PARK WATCH March 2021 |

Parks Protection Campaigner Phil Ingamells takes a look at the Greater Gariwerd Landscape draft management plan.

After a bizarre group of bare-chested neo-Nazis stormed Grampians (Gariwerd) National Park in January, burning a cross and waving supremacist symbols atop the landscape, it might be time to take a deep breath and consider, coolly, whose park it actually is – and why we manage it.

Grampians (Gariwerd) National Park is public land, but that requires a bit of clarification. There are many categories of public land established under various old or new laws, and though the “public” might own these areas, activities on that land are commonly restricted.

The hallowed Melbourne Cricket Ground is public land, for example, but you and I can’t plant potatoes there.

The native plants and animals of Grampians (Gariwerd) National Park, as for all of Victoria’s national and state parks, are given prime protection status in Victoria’s National Parks Act (1975). Any other activity in the parks must surrender to that level of natural heritage protection. In that sense, the law states that a national park pretty much belongs to that remarkable multitude of life forms or, at least, that their occupancy and welfare must be guaranteed.

But we should take a step back in time.

In a recent article in The Age, vigilant historian Henry Reynolds pointed out that in 1788, when the first fleet of soldiers and convicts enthusiastically assumed the Great South Land was unoccupied (the infamous and discredited ‘terra nullius’ call), they were acting contrary to the laws, the policies, and indeed the instructions of the British government of the day.

It was an almighty legal and ethical stuff-up, and it will reverberate through our parliamentary corridors and social consciences for a long time.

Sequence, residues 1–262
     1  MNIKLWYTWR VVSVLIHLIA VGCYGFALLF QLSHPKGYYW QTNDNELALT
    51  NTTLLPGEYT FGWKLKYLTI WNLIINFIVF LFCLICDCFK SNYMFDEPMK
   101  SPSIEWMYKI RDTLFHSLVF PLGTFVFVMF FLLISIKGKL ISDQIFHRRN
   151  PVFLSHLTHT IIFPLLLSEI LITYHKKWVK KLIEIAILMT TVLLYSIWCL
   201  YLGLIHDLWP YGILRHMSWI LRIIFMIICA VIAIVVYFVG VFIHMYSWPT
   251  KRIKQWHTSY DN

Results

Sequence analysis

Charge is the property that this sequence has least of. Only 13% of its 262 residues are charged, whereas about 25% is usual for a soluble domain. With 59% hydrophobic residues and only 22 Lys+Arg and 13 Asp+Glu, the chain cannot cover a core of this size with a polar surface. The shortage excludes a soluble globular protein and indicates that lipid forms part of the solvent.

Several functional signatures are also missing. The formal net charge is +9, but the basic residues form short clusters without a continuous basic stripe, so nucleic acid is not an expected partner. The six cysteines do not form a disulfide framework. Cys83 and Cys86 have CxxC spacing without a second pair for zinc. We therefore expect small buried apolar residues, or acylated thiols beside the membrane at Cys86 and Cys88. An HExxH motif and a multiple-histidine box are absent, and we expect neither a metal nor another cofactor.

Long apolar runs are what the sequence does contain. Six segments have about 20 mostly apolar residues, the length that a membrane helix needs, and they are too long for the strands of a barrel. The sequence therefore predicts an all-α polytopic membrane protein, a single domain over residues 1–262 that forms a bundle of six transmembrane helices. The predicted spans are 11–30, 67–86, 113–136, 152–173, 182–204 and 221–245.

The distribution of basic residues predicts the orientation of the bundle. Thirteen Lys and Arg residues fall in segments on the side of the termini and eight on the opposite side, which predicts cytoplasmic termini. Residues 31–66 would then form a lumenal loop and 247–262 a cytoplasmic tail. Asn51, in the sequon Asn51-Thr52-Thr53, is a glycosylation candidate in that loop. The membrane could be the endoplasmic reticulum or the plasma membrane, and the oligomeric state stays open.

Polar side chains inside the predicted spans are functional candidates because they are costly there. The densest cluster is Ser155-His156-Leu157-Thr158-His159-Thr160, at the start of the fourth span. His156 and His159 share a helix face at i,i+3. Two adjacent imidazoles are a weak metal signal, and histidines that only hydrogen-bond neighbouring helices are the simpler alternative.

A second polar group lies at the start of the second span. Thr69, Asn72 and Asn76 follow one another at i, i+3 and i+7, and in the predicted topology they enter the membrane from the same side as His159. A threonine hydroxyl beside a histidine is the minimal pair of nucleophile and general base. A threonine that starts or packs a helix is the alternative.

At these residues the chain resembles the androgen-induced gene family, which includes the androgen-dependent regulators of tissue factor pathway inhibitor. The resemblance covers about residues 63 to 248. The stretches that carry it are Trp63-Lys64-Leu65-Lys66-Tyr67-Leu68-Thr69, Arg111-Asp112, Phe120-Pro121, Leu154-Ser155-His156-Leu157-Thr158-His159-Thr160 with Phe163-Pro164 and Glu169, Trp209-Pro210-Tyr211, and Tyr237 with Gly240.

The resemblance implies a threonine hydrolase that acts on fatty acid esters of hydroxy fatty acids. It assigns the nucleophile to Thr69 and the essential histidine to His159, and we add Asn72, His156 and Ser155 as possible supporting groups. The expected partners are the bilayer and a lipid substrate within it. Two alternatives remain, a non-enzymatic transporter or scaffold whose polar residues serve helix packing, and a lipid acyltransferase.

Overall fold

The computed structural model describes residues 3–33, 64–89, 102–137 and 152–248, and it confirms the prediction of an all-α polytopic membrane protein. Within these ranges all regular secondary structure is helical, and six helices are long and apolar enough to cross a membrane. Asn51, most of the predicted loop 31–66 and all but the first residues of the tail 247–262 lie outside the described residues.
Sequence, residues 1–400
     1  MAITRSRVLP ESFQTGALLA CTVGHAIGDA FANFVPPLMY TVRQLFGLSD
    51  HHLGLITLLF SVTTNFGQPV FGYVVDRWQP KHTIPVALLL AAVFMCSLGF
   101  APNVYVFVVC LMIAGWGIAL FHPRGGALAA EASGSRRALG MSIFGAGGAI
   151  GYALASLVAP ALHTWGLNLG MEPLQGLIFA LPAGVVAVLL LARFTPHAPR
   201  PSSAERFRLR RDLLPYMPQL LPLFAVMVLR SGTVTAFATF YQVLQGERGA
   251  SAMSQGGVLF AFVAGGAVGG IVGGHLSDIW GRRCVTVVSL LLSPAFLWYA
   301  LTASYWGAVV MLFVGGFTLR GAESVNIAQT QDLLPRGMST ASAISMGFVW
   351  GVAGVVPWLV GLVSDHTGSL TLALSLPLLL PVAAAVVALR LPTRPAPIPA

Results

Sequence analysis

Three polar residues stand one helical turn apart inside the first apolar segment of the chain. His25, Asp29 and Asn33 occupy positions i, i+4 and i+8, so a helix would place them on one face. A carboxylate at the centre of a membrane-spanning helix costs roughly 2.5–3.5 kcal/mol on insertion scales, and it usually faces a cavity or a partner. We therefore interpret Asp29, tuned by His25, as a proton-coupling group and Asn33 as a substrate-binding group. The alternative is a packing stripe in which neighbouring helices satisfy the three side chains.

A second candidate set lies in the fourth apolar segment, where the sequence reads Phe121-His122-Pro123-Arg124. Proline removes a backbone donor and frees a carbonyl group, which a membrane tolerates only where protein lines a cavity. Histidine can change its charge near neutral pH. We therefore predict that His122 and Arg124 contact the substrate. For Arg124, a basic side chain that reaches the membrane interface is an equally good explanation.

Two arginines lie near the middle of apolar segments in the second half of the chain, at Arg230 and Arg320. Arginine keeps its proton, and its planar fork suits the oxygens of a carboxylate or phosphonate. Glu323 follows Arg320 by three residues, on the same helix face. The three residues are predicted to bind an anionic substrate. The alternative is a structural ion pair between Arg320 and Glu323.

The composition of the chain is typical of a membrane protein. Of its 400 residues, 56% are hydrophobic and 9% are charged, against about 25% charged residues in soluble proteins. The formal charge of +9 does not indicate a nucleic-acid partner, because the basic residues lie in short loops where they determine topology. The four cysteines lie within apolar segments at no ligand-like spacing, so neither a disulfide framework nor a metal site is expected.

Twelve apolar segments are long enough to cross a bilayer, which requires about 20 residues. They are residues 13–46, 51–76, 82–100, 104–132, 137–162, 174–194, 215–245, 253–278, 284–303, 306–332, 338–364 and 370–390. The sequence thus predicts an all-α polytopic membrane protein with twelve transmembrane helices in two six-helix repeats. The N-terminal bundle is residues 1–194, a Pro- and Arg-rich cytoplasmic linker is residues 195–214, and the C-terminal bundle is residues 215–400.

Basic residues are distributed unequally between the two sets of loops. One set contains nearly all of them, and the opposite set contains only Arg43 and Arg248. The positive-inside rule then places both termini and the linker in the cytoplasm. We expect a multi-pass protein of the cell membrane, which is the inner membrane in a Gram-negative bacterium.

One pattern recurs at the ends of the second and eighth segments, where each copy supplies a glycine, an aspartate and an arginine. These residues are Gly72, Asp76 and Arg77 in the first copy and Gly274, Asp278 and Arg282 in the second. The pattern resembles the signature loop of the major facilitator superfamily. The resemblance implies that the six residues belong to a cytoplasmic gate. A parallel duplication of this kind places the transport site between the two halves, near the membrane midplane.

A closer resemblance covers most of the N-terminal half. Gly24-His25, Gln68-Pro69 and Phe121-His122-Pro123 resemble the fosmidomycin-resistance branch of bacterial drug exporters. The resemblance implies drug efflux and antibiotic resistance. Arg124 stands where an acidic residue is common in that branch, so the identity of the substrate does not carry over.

That act of dispossession brought about many wrong things, driven by a general lack of respect shown to Aboriginal people over the last 230 years. As people without property they were deprived of rights, influence and authority.

The current Victorian Government has been in the process of redressing this situation, and that process is accelerating; Victoria may soon be the first Australian state to reach a treaty with our first peoples. But in advance of that, the government has set up the Traditional Owner Settlement Act 2010 (TOS Act), a far simpler process of awarding Native Title than the federal government’s cumbersome and costly High Court process.

So far, recognition under the TOS Act has established joint management over many national and state parks (and a number of smaller reserves), while still honouring the over-riding objectives of the National Parks Act and other Acts involved.

For some reason though, the TOS Act hasn’t awarded native title over any substantial area of state forest in Victoria, and never over an area earmarked for the extraction of timber. But that’s a story for another day…

With a management plan for Grampians (Gariwerd) National Park well overdue, Parks Victoria faced a bit of a dilemma: Traditional Owner status has not been legally established, but almost certainly will be during the life of the new plan.